The Succession Plan

For the newer readers, Donna and I have two daughters.

After Kayla graduated from the University of Oregon, she worked with us for five years and then moved to Manhattan where she’s been a realtor there for the last six years.

Natalie has always been a dancer, and she graduated from UCLA with a degree in dance. Since then, she has lived in Los Angeles doing smaller gigs in hopes they would lead to a full-blown concert tour with a major artist. She got her break last year, and has been on tour with Karol G. since August.

For those who aren’t familiar with Karol G., she has been called the latin Beyonce. The tour will conclude in Madrid, a city where she is bigger than Bruce Springsteen and Taylor Swift:

While it has been the dream tour of a lifetime for Natalie, it will come to an end in July (not June – the wiki clip above has the wrong month), after which she will continue to pursue her dance career. Stay tuned!

At the same time, she has also been our full-time marketing director. She authors our email newsletters and handles all of our social media accounts!

Because dance careers tend to be limited to younger people, we anticipate that Natalie will take over our business at some point. She handles Kayla’s marketing too, and if it all goes right, the future of the Klinge Realty Group will be bi-coastal and continue for decades!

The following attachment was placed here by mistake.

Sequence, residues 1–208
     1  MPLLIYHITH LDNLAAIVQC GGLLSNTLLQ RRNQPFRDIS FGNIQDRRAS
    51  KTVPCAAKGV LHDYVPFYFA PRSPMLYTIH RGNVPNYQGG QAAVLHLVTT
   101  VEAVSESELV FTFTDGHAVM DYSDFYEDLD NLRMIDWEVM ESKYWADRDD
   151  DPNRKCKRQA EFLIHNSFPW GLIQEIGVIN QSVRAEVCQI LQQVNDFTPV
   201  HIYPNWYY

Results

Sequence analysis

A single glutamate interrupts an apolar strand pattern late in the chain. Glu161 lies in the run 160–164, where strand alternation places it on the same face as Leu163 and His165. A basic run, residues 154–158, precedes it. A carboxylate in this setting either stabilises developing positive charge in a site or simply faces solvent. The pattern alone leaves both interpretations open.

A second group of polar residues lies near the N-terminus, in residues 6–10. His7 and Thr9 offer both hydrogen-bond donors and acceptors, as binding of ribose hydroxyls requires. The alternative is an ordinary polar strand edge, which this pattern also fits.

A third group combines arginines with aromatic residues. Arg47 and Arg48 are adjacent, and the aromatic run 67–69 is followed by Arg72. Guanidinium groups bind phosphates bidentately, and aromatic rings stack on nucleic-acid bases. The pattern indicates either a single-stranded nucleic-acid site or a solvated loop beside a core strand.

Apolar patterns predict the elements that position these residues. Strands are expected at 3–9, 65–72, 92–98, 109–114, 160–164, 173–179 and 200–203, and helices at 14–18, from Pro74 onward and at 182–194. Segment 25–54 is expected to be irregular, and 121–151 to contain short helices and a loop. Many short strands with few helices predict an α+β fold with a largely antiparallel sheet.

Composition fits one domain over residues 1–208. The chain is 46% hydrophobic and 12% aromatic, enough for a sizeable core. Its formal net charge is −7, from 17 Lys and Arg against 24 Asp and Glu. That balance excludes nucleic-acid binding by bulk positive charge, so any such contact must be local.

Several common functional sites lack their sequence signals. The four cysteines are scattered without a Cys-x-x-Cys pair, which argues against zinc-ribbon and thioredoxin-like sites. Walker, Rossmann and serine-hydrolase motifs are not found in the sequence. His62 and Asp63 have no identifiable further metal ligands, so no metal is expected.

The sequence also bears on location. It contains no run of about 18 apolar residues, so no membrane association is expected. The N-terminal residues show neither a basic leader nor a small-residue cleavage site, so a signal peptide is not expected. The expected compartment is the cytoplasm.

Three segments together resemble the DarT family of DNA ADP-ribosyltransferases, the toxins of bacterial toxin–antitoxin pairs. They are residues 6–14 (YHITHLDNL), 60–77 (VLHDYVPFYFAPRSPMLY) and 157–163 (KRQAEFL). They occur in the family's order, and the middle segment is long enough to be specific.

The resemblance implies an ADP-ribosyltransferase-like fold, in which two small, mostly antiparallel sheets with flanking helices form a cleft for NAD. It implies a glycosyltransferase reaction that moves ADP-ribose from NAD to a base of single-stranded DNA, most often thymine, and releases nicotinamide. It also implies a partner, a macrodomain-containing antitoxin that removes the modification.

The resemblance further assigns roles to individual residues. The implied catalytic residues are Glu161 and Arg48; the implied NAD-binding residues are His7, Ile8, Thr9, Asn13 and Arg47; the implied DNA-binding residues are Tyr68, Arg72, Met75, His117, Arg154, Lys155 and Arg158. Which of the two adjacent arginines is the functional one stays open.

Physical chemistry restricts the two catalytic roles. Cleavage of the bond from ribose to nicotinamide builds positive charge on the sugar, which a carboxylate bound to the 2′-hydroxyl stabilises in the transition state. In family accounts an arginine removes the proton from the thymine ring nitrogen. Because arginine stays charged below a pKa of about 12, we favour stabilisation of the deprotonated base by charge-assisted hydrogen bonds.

Attention realtors who don’t have kids taking over their business. We can help you!  When the times comes for you to exit the realtor business, we will buy your database, and take care of your people! Contact me when the time is right for you.

Unlisted Commissions

The recent NAR settlement clearly states that the MLS is prohibited from publishing a buyer-agent commission paid by the seller.

It means we might be hearing more commission talk, not less, as listing agents take responsibility for publishing the buyer-agent rate their sellers are offering.

It won’t last for long.

Many have speculated that the residential resale business is heading the way of commercial agents – an arena that has never had an official MLS, and where each listing agent decides their own policy on how to pay the buyer-agents.

Go to Loopnet or Crexi, the two commercial real estate websites of last resort (where agents put their listings after they have exhausted their stable of waiting buyers).  You’ll read about cap rates, FARs, NOIs etc. but you won’t find ANY mention of a buyer-agent commission unless desperation is in play.

Why is that?

They want you to make assumptions (in order):

  1. No commission is being offered to buyer-agents.